Thomas H. Sherman Jr., 78, career naval officer

April 06, 2004

Thomas Hanson Sherman Jr., a retired career naval officer and former Baltimore resident, died of complications from a stroke March 30 at Peninsula Regional Medical Center in Salisbury. He was 78.

Captain Sherman was born in Baltimore and raised in Roland Park. He was a 1944 graduate of Polytechnic Institute and enlisted in the Navy, serving for two years before entering the Naval Academy in 1946.

After graduating from the academy in 1950, he attended the Naval Post-Graduate School in Monterey, Calif., and Harvard University. He later earned a master's degree at the Naval War College in Newport, R.I.

Captain Sherman's commands included the USS Barbet, a minesweeper, and destroyers USS Barry and McCloy. He later served as commodore of the destroyer group and participated in several anti-submarine warfare projects at the U.S. Naval Research Laboratory In Washington.

After retiring as a Navy captain in 1978, he served as a consultant to several research companies and was a senior analyst in London for the North Atlantic Treaty Organization. During the 1980s, he was technical manager for the hydrofoil program at the Navy's old David Taylor Research Laboratory in Annapolis.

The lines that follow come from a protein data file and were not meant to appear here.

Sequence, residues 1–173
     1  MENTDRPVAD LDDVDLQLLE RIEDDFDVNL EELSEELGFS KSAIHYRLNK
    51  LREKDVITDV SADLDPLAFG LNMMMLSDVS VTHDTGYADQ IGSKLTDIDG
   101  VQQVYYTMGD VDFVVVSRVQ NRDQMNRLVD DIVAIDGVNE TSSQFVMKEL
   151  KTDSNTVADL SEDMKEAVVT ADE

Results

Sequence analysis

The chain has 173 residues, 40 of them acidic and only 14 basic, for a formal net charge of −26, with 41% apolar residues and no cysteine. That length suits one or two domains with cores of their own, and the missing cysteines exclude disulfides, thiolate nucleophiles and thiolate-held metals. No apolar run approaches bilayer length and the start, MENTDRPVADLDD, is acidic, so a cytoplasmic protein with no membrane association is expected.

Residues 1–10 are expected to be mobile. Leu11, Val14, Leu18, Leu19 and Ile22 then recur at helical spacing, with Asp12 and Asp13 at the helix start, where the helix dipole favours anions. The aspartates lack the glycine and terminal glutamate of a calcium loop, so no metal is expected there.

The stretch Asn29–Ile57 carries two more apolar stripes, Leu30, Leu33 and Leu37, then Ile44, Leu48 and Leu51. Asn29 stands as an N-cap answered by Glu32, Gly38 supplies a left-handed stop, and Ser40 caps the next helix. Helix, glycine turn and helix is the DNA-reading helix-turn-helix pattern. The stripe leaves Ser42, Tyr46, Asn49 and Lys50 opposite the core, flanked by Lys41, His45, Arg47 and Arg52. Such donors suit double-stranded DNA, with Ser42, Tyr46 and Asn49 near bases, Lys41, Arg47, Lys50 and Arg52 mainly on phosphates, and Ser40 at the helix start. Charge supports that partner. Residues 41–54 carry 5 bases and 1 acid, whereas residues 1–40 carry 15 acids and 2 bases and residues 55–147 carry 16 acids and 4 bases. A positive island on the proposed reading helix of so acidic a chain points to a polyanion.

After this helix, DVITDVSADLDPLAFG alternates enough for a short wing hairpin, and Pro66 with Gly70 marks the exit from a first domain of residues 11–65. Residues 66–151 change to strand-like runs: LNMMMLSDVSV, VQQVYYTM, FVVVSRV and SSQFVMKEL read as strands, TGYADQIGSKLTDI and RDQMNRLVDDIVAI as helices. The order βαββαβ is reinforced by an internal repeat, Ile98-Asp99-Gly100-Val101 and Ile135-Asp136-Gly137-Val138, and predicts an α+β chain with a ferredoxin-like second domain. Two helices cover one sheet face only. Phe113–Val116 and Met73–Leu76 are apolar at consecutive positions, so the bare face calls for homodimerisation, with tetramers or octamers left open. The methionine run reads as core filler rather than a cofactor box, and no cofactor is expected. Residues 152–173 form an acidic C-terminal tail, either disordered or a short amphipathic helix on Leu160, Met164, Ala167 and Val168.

The former Bethesda resident had lived in Cambridge since 2000. Interested in literacy, he was an active volunteer with Friends of the Dorchester Library.

Captain Sherman was a communicant of Christ Episcopal Church in Cambridge, where a memorial service will be held at 11 a.m. April 17.

He is survived by his wife of 12 years, the former Nylene Leonhardi; two sons, Thomas H. Sherman III of Galveston, Texas, and Louis Sherman of Baltimore; a daughter, Susan Sherman of Cambridge; three stepsons, David Singlestad of Cambridge, Peter Singlestad of Orinda, Calif., and John Singlestad of Washington; a sister, Lucille Hunter of Denton; and five grandchildren. His marriage to the former Patricia Collins ended in divorce.

Baltimore Sun Articles
|
|
|
Please note the green-lined linked article text has been applied commercially without any involvement from our newsroom editors, reporters or any other editorial staff.